Forfeiture is always spoken about in reference to the termination of leases.
But the Supreme Court case of The Manchester Ship Canal Company Ltd (“MSCC”) v Vauxhall Motors Ltd (Formerly General Motors UK Ltd) (“Vauxhall”)  UKSC 46 demonstrates that equitable relief from forfeiture can be granted in respect of a licence, here on condition of the payment of the arrears and certain other costs.
MSCC argued that, in relation to land, the courts can only relieve parties from the forfeiture of proprietary rights, which would exclude Vauxhall’s contractual rights under the licence. Vauxhall argued that the doctrine is broad enough to protect any right to use land and the Court agreed.
So the right of relief from forfeiture may apply (depending on the circumstances) whenever a landlord terminates an on-going licence to occupy due to a breach of its terms.
As with forfeiture of a lease, there will be some formalities which a landowner should consider when thinking about terminating a licence or some other possessory right over land. In a lease context these can include:
- In order to forfeit a lease for non-payment of rent, the landlord must have previously served a formal demand on the tenant for the outstanding rent (unless there is an express provision in the lease for rent to be paid, whether the rent is formally demanded or not).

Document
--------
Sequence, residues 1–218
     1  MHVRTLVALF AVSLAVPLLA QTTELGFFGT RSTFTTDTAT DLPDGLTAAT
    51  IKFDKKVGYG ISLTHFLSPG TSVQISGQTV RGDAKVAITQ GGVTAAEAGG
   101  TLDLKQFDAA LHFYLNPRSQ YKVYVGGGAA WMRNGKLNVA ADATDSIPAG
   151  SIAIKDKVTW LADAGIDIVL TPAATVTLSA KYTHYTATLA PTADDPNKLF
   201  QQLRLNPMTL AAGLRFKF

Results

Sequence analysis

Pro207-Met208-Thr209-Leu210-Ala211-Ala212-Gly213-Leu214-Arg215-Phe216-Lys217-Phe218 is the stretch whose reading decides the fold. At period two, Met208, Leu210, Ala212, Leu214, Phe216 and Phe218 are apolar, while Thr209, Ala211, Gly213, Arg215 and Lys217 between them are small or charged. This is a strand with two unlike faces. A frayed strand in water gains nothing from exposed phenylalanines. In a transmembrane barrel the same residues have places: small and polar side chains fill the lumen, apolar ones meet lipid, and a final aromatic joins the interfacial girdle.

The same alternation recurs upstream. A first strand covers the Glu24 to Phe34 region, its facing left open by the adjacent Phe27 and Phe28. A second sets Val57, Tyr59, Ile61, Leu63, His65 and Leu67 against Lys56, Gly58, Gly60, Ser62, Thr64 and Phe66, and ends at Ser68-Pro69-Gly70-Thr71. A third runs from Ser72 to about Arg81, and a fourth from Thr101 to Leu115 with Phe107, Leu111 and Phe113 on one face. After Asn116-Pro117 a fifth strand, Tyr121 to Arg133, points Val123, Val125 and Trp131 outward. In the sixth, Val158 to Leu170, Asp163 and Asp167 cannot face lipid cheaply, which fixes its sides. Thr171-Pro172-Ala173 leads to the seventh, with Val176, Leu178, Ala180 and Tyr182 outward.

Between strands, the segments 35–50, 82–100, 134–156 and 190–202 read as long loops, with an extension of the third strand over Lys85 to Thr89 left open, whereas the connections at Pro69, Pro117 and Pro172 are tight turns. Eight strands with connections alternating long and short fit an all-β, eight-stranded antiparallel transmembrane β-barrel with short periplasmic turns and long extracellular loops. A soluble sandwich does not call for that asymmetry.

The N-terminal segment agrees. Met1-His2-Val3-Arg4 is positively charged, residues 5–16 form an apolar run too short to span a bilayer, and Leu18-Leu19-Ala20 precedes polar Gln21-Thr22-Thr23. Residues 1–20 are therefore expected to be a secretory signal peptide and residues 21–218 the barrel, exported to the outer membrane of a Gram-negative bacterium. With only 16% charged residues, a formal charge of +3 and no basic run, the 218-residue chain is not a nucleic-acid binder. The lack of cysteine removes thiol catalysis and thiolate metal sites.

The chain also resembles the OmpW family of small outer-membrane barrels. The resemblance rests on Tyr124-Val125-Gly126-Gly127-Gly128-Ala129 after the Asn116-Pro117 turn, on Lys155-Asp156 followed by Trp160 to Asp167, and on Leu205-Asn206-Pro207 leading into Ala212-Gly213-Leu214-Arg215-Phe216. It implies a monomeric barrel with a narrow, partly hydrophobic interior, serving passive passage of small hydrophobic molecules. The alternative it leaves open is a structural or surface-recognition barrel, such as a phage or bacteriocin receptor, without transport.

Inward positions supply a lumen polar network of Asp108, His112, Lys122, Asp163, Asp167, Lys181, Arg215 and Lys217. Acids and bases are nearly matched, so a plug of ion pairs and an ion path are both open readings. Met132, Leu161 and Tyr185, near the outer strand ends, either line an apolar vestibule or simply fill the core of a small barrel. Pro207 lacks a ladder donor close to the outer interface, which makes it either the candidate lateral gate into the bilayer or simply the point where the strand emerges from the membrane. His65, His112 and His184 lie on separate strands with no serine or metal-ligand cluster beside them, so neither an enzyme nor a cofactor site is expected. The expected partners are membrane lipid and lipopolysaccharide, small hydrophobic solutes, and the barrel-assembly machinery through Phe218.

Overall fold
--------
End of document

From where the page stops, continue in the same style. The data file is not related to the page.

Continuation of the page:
- In cases where the tenant is in a formal insolvency process, leave of the court may be required before a landlord can seek to forfeit the lease.
- A landlord should be careful in the case of accepting rent or fees after a breach has occurred as this may be deemed to be an implied waiver of the right to forfeit.
- If a landlord waives their right to forfeit (either expressly or impliedly) then a landlord cannot forfeit the lease at a later date based on the same breach, unless it is a so-called continuing breach, such as the ongoing breach of a repair covenant.